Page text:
Below the synopsis is a CTA prompting visitors to:

  1. sign up for the newsletter for more information about the book before it’s published or
  2. buy the book once it’s already published.

This leads us to our third exercise: writing Product copy.

3. Product Copy

A note regarding product copy: A CTA to buy the book once it’s published could be separated onto a Products page. For our purposes, the product information will be included on the left side of the About page.

Pro tip on writing product copy: you want to advertise your product both before and after release.

Advertising before a product release builds up anticipation and, especially in the case of book publishing, increases those vital pre-order sales. Advertising after release keeps you relevant and allows you to convert sales

Product Copy Before Release

Before their book is released, our friend uses the following copy.

Want to know more about my book?
Sign up for the Newsletter!

The copy is followed by a newsletter sign-up form for visitors to input their name and email address. Not only does this give people extra special content (and who doesn’t like feeling extra special?), our friend is also gathering a proven audience to market to once the book is released.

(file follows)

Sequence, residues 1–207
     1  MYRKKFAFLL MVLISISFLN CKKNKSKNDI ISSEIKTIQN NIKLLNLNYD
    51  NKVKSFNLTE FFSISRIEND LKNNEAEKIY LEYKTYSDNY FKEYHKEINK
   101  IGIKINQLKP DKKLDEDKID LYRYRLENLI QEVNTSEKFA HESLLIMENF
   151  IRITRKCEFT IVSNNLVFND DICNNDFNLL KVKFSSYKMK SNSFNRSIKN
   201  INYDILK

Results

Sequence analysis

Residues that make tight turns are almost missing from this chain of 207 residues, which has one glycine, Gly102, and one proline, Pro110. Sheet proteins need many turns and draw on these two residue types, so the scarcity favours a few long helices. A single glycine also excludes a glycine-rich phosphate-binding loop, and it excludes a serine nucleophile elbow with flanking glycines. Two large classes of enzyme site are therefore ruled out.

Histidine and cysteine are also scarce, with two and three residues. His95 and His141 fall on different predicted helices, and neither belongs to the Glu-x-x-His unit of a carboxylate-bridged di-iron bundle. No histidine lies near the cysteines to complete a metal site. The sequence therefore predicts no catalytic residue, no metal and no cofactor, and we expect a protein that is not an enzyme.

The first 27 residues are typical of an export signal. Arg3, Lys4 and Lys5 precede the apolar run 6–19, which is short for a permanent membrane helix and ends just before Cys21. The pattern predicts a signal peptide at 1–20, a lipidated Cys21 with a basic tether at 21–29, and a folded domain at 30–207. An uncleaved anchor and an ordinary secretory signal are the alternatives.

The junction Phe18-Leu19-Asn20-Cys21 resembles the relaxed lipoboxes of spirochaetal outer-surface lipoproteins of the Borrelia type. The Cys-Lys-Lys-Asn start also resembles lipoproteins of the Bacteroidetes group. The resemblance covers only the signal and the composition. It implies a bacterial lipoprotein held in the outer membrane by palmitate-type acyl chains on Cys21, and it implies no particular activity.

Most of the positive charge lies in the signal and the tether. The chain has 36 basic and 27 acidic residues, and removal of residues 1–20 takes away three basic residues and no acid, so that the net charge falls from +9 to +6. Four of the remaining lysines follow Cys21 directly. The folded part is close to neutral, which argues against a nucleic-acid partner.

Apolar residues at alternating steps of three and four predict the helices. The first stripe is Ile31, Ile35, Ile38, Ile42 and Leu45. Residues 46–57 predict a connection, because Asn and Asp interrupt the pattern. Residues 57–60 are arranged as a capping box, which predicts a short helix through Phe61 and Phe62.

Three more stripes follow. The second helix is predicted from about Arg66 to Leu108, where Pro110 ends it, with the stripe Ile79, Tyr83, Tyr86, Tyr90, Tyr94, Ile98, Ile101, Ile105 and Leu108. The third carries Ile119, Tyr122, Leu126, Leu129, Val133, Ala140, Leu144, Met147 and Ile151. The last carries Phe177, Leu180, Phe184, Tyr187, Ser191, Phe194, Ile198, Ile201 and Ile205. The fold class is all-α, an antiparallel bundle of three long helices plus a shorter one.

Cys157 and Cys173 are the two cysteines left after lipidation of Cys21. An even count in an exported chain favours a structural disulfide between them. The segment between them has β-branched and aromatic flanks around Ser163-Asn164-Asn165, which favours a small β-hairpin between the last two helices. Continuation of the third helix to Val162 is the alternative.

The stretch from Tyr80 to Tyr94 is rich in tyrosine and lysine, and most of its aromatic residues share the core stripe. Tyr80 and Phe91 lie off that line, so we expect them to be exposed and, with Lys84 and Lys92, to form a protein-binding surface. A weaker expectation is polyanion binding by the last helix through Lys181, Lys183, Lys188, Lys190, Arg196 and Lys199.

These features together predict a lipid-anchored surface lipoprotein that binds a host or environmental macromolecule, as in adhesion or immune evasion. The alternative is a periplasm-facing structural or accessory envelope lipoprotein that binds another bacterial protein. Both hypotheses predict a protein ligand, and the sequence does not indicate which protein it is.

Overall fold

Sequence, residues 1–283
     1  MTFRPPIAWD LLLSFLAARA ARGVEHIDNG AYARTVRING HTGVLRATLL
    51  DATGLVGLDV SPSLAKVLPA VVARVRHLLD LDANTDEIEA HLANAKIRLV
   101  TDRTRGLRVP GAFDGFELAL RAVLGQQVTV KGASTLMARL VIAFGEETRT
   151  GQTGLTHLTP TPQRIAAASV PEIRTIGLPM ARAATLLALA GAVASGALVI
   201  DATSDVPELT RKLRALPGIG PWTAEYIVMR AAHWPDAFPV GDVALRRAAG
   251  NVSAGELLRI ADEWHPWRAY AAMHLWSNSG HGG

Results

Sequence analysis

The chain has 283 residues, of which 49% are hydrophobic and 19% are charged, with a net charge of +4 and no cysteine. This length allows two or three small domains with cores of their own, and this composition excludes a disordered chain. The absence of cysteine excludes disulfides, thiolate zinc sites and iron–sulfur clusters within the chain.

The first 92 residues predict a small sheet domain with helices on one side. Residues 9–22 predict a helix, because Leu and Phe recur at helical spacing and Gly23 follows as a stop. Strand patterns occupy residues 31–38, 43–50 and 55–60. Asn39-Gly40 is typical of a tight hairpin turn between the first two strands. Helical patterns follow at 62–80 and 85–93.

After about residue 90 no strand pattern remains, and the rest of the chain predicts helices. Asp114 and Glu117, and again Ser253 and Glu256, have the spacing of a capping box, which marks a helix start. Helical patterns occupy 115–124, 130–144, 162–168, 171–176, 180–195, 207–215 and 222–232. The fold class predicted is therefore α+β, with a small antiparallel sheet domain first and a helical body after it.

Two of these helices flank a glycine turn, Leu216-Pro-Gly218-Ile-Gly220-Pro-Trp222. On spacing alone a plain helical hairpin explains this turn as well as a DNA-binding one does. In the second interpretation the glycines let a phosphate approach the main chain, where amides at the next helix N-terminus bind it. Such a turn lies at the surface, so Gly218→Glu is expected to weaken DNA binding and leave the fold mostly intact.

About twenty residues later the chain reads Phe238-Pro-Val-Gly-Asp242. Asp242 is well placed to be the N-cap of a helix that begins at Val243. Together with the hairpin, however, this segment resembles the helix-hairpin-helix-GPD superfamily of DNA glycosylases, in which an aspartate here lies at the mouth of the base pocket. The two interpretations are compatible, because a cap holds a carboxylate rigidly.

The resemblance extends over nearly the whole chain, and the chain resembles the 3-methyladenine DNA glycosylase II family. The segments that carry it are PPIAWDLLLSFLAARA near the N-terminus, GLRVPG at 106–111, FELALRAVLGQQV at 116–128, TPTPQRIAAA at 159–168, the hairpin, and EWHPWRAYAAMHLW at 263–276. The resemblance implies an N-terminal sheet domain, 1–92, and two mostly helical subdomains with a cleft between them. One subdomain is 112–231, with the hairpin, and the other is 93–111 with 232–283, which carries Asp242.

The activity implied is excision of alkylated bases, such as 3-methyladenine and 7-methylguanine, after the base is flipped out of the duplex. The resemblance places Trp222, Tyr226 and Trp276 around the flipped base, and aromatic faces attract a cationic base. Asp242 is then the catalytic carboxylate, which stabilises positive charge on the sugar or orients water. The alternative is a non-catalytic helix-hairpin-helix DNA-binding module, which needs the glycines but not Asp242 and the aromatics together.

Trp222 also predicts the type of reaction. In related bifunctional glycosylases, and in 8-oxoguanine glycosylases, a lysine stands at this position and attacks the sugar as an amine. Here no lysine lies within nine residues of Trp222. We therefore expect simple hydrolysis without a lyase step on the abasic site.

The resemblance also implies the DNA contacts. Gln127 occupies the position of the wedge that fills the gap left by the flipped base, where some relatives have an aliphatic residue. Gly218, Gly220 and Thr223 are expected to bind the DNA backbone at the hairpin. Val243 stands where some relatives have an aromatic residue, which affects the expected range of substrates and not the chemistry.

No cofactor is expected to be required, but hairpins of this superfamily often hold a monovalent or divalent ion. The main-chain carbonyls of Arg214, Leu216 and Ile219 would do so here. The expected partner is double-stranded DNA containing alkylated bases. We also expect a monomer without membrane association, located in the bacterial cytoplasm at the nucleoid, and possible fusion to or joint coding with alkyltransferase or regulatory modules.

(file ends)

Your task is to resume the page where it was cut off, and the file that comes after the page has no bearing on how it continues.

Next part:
The newsletter sign-up form is also where the CTA “Join our undersea community!” redirects.

Product Copy After Release

After the book is released, our friend changes the copy to reflect that fact. They use a different CTA that prompts the audience to buy the book rather than learn more about it.

The eBook is on sale now for $.99 in the Kindle store!
Buy me!

Our book blogger friend also decides to include a link to a third-party review of their book to show how high quality the book is. That way, their thrifty, mermaid-loving audience will know the book has value.

So there you have it guys! Stay tuned next week because we’re talking SEO basics and how to use them in copywriting. Leave a comment and let me know how your copywriting practice is going. Happy writing!


Want More?

Freelance Writing: A Guide to Getting Started for Beginners (Part 1)

Series Post #10: What is Copywriting? With Examples

A Day in the Life of a Freelancer + 7 Writing Essentials